Customers at Drexell & Honeybee’s, a soul food restaurant in Alabama, can enjoy typical southern dishes such as cornbread, cobblers, potato salad, fried chicken and collard greens. However, what’s not so typical about the experience is the price of the meal.
Drexell & Honeybee’s is a donations-only restaurant, where the customer determines how much—and if—they will leave a monetary donation.
The restaurant is open every Tuesday through Friday from 11 am to 1 pm, and about 100 people eat there daily. All of the donations go back into serving food and “feeding hungry people.”
“When you are done with your meal, you simply leave whatever you can – a handful of coins, a generous donation, a hand-written note, or a heartfelt ‘Thank You,'” the restaurant’s website says. “But when you leave, you do so with a full stomach, a full heart, and the understanding that you are loved and worthy of love.
“You can find soul food all over Alabama. But you won’t find a meal that fills you up quite like this one.”
Owners Freddie and Lisa Thomas-McMillan founded the restaurant merely to serve others in the community. The business has no cash register or prices, ensuring that “all are welcome” and “everybody eats” who walks through the door.
“If you go to that [donation] box over there and you ain’t got one red cent, no one will ever know,” Lisa said in a video interview with It’s a Southern Thing.
The restaurant has no set menu on a day-to-day basis, but most things are made from scratch. Drexell & Honeybee’s has no staff other than Lisa and Freddie. Interested volunteers need to speak to Lisa directly, as “we don’t ask people to work before they eat.”
The War on Hunger
After helping an elderly woman who couldn’t afford her $12 grocery bill, a spark was lit in Lisa to feed her community. Lisa asked the woman if others were in her situation, so the senior citizen wrote a list of 27 other elderly people who were also struggling. This led Lisa to prepare breakfast for them every morning before heading to her job as an insurance agent.
“I don’t know what made me do it, but I was going to help these folks,” she told The Bitter Southerner.
Eventually she opened a restaurant, charging three dollars per meal. However, she soon realised that she needed non-profit status to have the impact she desired without draining her pockets in the process.
“Of course, I was making no money,” she said. “That was okay by me, except for the fact that I had rent and utilities to pay, and food costs kept rising.”
She closed the restaurant and opened a non-profit organisation, a food bank named Carlisa, Inc. after a friend who had passed away. At the time, she would prepare about 100 meals a day and delivered them throughout the community.
In 2003, she wrote a letter to Alabama Governor Bob Riley to explain the problems with hunger in her community. She walked 105 miles to Montgomery to hand-deliver it. Two years later, she wrote a similar letter to President George W Bush. She walked 900 miles to Washington, DC, over 54 days to deliver that letter. Although she didn’t get to meet either politician, the vision for the present-day version of Drexell & Honeybee’s, which now operates under the Carlisa food bank, started to form.
At the time, she had recently accepted a job at the student centre of a local community college. While the school allowed her to use the kitchen facilities to make meals for senior citizens, she realised that a lot of the students were going without food, as well.
“These students were hungry; they were doing without to pay for school and books,” she recalled.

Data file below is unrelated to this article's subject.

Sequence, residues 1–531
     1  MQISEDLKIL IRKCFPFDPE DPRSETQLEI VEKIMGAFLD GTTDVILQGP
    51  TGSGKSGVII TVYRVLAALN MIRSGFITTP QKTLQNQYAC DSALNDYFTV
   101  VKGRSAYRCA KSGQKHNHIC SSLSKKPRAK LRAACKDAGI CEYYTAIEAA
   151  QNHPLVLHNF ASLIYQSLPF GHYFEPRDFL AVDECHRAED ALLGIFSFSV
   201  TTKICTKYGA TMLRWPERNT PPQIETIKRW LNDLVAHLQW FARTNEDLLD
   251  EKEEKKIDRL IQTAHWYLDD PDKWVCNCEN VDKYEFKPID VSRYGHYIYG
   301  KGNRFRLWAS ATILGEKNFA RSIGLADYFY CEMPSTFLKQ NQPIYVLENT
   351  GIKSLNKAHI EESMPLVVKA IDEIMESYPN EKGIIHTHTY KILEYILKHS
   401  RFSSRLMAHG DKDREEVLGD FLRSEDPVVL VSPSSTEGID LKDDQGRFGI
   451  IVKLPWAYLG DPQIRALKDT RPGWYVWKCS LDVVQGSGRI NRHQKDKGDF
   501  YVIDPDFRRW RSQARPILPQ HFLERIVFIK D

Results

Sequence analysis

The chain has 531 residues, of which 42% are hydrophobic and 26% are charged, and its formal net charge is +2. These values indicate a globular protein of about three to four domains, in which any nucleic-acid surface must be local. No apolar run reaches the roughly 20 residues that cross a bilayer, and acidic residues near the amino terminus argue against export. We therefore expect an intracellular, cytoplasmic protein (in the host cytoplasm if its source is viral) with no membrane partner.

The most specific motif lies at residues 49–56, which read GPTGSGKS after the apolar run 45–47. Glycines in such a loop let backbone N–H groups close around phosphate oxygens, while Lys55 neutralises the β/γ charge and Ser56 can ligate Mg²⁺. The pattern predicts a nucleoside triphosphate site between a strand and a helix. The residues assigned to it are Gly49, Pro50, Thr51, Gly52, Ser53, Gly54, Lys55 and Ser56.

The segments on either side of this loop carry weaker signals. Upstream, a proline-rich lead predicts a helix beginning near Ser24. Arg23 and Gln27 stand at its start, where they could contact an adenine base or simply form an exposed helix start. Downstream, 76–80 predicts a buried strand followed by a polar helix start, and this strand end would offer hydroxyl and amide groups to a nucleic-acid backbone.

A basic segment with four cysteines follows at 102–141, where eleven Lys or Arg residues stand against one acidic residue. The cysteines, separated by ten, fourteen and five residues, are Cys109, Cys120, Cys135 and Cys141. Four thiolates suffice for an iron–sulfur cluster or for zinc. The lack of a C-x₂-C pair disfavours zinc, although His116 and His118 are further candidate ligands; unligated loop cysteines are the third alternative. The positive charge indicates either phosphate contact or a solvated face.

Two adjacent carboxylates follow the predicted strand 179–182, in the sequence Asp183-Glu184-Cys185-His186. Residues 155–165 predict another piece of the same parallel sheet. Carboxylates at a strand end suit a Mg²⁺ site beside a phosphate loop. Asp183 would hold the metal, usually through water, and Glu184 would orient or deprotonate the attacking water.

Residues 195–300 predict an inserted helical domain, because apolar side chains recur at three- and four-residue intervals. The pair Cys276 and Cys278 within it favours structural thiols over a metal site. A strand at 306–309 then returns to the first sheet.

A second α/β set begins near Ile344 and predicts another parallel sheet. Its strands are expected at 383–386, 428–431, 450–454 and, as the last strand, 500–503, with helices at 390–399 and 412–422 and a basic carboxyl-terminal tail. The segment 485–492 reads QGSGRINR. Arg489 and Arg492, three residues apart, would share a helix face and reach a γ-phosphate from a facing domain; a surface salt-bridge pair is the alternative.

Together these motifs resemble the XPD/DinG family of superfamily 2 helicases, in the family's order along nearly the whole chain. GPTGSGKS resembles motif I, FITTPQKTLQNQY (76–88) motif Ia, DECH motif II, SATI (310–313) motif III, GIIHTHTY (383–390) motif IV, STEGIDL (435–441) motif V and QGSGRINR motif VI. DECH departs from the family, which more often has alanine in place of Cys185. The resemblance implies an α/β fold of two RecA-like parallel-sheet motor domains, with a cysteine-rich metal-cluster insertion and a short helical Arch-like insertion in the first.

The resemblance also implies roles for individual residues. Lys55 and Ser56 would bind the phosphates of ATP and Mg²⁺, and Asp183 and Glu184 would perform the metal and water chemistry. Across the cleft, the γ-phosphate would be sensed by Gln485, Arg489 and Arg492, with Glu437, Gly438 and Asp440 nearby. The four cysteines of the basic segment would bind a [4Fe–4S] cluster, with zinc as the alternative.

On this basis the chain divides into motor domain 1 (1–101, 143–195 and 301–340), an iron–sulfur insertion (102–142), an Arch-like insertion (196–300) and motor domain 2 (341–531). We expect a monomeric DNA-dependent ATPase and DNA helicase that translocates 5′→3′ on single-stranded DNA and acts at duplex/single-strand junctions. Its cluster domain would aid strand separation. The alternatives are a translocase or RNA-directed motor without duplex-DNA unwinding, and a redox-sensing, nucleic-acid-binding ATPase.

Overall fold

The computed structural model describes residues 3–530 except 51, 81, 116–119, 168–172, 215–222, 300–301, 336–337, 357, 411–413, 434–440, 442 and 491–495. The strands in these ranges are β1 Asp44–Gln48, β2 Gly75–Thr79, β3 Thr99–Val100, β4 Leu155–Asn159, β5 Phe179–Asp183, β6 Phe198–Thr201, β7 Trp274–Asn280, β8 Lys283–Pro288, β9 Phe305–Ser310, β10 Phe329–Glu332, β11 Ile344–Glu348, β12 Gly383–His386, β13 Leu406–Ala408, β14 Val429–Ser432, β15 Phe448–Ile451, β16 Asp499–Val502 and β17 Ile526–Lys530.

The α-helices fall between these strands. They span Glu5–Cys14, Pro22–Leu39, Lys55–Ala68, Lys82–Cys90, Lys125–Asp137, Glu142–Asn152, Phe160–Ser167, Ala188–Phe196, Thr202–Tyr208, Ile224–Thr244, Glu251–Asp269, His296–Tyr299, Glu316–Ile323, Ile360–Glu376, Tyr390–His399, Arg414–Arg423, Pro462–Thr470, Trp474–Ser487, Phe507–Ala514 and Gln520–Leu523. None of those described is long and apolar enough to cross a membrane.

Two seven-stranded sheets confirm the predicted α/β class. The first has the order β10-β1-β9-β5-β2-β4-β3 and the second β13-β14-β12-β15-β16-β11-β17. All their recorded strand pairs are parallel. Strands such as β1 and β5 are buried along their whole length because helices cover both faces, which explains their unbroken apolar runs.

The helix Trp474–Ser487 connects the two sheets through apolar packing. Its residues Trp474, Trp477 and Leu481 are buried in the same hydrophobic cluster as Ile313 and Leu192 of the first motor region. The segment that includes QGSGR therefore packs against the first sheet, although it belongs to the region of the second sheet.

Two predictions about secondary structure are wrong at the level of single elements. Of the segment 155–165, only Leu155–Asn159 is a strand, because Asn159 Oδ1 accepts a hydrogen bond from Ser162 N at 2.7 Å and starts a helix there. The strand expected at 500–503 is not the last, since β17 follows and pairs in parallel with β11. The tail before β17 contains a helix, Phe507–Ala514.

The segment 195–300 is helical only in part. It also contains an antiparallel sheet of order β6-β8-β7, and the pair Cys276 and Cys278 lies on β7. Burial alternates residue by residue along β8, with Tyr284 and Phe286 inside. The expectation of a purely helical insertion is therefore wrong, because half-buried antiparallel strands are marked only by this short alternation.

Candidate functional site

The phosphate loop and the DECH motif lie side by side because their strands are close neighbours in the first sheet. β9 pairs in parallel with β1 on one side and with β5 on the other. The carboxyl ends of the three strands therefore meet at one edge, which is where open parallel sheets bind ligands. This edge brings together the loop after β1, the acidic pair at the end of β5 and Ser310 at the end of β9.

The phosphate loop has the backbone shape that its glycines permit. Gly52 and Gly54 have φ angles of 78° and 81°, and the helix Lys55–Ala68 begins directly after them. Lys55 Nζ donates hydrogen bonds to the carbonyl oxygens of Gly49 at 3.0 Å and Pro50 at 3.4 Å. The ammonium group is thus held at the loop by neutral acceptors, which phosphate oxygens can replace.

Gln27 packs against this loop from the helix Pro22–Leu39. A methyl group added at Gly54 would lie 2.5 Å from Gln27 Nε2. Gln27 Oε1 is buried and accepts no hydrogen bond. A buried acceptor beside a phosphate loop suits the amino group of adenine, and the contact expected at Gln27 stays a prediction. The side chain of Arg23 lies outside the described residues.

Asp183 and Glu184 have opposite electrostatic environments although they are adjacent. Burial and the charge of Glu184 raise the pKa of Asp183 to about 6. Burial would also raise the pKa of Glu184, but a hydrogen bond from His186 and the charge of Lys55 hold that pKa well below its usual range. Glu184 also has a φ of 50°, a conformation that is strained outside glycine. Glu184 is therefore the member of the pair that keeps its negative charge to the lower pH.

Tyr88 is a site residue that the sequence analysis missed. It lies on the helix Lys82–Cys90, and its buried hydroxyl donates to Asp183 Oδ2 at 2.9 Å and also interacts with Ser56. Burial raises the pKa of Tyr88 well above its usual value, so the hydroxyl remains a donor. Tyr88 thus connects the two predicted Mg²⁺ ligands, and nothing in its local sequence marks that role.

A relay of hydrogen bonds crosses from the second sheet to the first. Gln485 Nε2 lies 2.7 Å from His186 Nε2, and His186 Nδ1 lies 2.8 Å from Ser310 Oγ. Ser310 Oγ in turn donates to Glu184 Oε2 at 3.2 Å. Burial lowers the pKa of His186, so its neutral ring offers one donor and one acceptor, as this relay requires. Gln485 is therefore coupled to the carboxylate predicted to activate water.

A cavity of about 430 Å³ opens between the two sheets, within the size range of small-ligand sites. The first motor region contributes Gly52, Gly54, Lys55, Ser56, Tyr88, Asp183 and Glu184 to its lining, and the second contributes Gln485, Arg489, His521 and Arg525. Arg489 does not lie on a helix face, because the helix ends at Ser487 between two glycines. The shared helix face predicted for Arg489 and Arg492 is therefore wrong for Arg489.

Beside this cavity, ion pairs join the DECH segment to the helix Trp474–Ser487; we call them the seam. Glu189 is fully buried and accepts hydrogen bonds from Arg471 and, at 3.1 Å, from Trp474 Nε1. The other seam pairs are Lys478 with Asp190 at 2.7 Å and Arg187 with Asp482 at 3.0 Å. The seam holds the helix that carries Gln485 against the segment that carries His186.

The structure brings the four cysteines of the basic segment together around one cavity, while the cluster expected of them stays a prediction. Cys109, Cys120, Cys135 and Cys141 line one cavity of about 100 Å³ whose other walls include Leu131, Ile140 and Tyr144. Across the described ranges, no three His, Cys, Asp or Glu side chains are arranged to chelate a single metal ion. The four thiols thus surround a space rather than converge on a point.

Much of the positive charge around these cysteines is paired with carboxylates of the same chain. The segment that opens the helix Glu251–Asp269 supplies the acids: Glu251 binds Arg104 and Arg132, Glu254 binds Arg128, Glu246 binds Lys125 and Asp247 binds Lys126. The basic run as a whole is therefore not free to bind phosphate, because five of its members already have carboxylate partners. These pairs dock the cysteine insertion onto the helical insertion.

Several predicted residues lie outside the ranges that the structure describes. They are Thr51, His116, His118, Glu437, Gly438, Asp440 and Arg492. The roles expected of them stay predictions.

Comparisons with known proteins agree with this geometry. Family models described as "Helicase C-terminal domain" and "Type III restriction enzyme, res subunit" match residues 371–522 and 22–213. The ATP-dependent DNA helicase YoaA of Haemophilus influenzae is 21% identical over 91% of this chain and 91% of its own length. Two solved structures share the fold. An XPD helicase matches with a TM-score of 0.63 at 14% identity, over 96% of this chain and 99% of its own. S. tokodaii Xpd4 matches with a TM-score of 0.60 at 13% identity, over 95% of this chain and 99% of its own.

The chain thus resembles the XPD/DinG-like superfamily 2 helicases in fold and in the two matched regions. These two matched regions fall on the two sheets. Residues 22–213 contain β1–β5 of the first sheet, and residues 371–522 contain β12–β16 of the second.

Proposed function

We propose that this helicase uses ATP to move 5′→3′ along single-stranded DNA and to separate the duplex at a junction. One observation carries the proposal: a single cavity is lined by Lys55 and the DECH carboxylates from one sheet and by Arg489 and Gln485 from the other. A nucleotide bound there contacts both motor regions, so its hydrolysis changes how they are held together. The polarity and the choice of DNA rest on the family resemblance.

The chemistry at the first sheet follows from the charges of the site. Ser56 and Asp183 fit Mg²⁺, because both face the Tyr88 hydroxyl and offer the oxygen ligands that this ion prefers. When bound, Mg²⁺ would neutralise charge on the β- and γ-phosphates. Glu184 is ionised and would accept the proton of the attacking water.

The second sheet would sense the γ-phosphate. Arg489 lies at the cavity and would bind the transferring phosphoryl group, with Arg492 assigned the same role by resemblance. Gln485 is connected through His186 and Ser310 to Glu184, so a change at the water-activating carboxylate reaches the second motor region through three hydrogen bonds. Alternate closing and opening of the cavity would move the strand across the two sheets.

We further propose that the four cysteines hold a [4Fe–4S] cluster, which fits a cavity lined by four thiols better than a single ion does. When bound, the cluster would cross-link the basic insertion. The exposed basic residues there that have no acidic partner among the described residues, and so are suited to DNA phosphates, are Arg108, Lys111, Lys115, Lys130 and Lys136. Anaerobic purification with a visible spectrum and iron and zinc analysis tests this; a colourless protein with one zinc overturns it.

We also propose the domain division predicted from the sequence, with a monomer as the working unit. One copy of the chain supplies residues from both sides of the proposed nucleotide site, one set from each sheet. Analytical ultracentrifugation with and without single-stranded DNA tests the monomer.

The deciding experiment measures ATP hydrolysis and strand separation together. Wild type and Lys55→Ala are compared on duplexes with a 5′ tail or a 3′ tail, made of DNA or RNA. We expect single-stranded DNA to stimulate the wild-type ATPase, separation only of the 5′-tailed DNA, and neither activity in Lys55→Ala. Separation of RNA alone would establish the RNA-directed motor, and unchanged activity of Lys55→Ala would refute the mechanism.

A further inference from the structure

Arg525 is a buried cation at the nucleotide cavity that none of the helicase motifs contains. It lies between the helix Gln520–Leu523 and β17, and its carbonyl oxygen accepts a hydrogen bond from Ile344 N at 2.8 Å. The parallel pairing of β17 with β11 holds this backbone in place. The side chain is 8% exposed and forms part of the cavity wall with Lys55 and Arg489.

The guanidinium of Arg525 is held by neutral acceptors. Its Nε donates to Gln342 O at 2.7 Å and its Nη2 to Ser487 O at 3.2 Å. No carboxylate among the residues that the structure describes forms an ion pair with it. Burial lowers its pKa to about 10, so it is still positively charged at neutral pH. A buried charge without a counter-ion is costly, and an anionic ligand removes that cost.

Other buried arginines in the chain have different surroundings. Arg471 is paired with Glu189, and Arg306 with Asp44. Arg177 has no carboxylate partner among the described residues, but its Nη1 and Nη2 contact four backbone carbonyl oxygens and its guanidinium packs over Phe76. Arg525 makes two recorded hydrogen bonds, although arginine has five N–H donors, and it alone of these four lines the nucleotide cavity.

After establishing a “no cash, no problem” policy with her students, Lisa was inspired to re-open her restaurant with a new policy: “It would feed anyone and everyone for whatever they could afford to pay, even if they had not a penny.”
The Rebirth of Drexell & Honeybee’s
In March 2018, the restaurant re-opened its doors after Lisa and Freddie bought and transformed its current location, using credit cards, some of Freddie’s Marine Corps pension and their own blood, sweat and tears.
“I’ve learned the joy you get when you serve others,” Lisa explained. “And don’t mistake it, joy is not the same as happiness. Happiness is fleeting; joy is something down in your soul.”
The clientele spans a wide range of ages, ethnicities, socioeconomic backgrounds and even locations, as many people visit from neighboring towns. Some customers are merely happy to have access to a delicious home-cooked meal, whereas others might not eat otherwise.
“This is helpful for us, but for others, it’s essential,” Drake, a college student, told The Bitter Southerner. “There are people who would go completely hungry without it.”
“This is all good,” Devin, Drake’s friend, added. “Lisa could be cooking this and make real money, but her heart is for this.”
After the restaurant closed for the day, Lisa was asked if she’d ever consider adding suggested prices to the menu.
“No, no. I will not do that,” she said. “Let’s say you are poor and hungry, and you’d really like a ham sandwich, and it says suggested price, $6.99. I actually don’t think you’re going to come in here at all because you don’t want to be spotted saying, ‘I can’t pay that.’ You can run people off with that.
“Some people who operate some of the other restaurants might not understand because they have never been poor, but I have been. I know the pride of the working poor.”
During the COVID-19 pandemic, Drexell & Honeybee’s shifted its business model to ensure the community would continue to have access to a good meal.
“The end of June, we figured out a way to do to-go orders and keep everyone safe,” Lisa told Because of Them We Can. “It is working out very well, and we feel so proud to be able to do what we do, with COVID-19 affecting so many people.
“As you can imagine, donations are down, but we will continue to try and be of service to all the people that come to our door.”